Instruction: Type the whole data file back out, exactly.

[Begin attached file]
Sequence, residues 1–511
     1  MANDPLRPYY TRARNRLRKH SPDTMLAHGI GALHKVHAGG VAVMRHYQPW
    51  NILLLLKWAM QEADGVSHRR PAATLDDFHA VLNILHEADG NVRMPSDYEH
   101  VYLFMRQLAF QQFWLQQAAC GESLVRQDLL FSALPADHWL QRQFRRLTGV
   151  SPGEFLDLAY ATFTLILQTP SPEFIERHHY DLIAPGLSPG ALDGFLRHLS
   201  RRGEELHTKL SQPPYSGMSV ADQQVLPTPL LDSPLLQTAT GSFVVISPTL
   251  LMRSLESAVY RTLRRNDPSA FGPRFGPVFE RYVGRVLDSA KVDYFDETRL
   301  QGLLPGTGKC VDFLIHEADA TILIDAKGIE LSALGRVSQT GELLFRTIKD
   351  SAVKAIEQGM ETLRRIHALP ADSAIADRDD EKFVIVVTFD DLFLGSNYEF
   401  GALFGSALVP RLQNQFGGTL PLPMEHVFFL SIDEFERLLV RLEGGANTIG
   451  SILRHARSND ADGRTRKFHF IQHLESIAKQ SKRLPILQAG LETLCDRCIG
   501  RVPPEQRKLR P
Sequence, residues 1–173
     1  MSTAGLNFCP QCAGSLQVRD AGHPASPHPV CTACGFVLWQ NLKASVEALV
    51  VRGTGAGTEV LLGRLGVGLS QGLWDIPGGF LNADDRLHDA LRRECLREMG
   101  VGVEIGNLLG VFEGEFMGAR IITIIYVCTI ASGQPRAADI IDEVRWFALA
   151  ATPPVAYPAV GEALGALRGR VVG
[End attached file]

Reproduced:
Sequence, residues 1–511
     1  MANDPLRPYY TRARNRLRKH SPDTMLAHGI GALHKVHAGG VAVMRHYQPW
    51  NILLLLKWAM QEADGVSHRR PAATLDDFHA VLNILHEADG NVRMPSDYEH
   101  VYLFMRQLAF QQFWLQQAAC GESLVRQDLL FSALPADHWL QRQFRRLTGV
   151  SPGEFLDLAY ATFTLILQTP SPEFIERHHY DLIAPGLSPG ALDGFLRHLS
   201  RRGEELHTKL SQPPYSGMSV ADQQVLPTPL LDSPLLQTAT GSFVVISPTL
   251  LMRSLESAVY RTLRRNDPSA FGPRFGPVFE RYVGRVLDSA KVDYFDETRL
   301  QGLLPGTGKC VDFLIHEADA TILIDAKGIE LSALGRVSQT GELLFRTIKD
   351  SAVKAIEQGM ETLRRIHALP ADSAIADRDD EKFVIVVTFD DLFLGSNYEF
   401  GALFGSALVP RLQNQFGGTL PLPMEHVFFL SIDEFERLLV RLEGGANTIG
   451  SILRHARSND ADGRTRKFHF IQHLESIAKQ SKRLPILQAG LETLCDRCIG
   501  RVPPEQRKLR P
Sequence, residues 1–173
     1  MSTAGLNFCP QCAGSLQVRD AGHPASPHPV CTACGFVLWQ NLKASVEALV
    51  VRGTGAGTEV LLGRLGVGLS QGLWDIPGGF LNADDRLHDA LRRECLREMG
   101  VGVEIGNLLG VFEGEFMGAR IITIIYVCTI ASGQPRAADI IDEVRWFALA
   151  ATPPVAYPAV GEALGALRGR VVG